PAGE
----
Mixed marriages in the racial sense are not uncommon in today's societies of North America and even Europe, although 50 years ago they were actually illegal in many places in the US. While no one will find a law or regulation that explicitly states that a US citizen and resident can not marry a Canadian citizen and resident, our last experience at the border crossing into Canada tells Tom (Paul) and me that immigration agents are allowed to limit, and possibly forbid, visits based on such a false presumption.
It was approximately 4am Friday November 1 2002, when we approached the border guard at Windsor (Detroit) and were not surprised to have him write up the yellow slip and direct us to the Immigration and Customs Office. (Tom (Paul) was bringing back close to the maximum monetary amount allowed and we were prepared with the detailed list of supplements.) We went to the Immigration office first, since this has never been a real problem before and I had a large amount of documentation verifying my residency in the US.
To our surprise, after I answered the immigration agent's question regarding visit purpose - to visit with my Canadian husband at his residence in Toronto until January when we would drive to Arizona and stay 3 months - she announced that we had to have a "joint residence as a couple". Our response was that we don't have one and have been visiting each other since our marriage 2 years ago. (Our marriage certificate is among the documentation I always carry on crossing the border.) She was unmoved and stamped my passport for a one month stay only and stapled to it a form that required surrendering upon my departure. When asked that she show us the law, she replied that she didn't have the laws there and besides, "it's understood". (Additionally, she was totally uninterested in seeing any of the documentation verifying my residence in Arizona, the primary item of interest to all previous agents.)
Biting our tongues till out of the building, we left in disgust. (Customs merely glanced at the list of supplements letting us pass without the intense car searches we've had on our last two entries.) We were exhausted after driving almost 20 hours with just car and human "pit stops", and now we had a new and totally unforseen problem with which to deal.
Recourse to Immigration Canada's (CIC) website, CIC's phone service, and a lawyer specializing in immigration/visa law has boiled down to the fact that Canada's immigration laws gives wide latitude to the agency (CIC) and that the regulations allow for a court hearing only when entry is refused. Since I was not refused entry, I technically have no grounds to protest. (It reminds me of the US Navy where my father explained to me that an officer could only - at that time - protest a bad fitness report, but not a mediocre one.) The lawyer blandly advised Tom (Paul) on the phone that I just become a resident of Canada, as though that were a simple solution to what should be a non-problem. I doubt very much that he could understand Tom's (Paul's) response that we did not see either country an improvement over the other and really did not wish to be citizens of any particular country, but rather of the world in general, free to travel anywhere.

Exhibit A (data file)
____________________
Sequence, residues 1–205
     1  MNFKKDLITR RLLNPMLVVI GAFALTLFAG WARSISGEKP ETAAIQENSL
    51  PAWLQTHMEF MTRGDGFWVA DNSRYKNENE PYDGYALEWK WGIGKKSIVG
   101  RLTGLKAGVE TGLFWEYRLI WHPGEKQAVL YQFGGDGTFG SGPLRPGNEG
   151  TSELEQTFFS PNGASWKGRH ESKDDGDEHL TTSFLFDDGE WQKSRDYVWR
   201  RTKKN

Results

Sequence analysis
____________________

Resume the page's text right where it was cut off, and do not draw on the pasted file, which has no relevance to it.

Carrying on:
Our surface anger has subsided since last Friday considering that out of 6 entries we have made together into Canada this year, only 1 time did we encounter an agent whose idea of "residence" ran counter to rationality. Based on this, I will depart within the allotted month and re-enter at another location for our planned stay until early January. As one sympathetic CIC employee (for the refugee board, unfortunately, and therefore not able to assist us) suggested, the agent at Windsor was probably envious of two people she saw presumably having a good time travelling back and forth and was going to get some pleasure of her own by creating a problem for them. (Tom (Paul) added at the time that the agent might also have been personally incensed that a Canadian man wasn't satisfied with a Canadian woman but sought a USer instead.) It's a sad indictment, but true, that there are some people who don't like "mixed marriages" of any type and will, if they are in a government bureaucracy - which by its nature permits them power of force - create difficulties with enormous pleasure.
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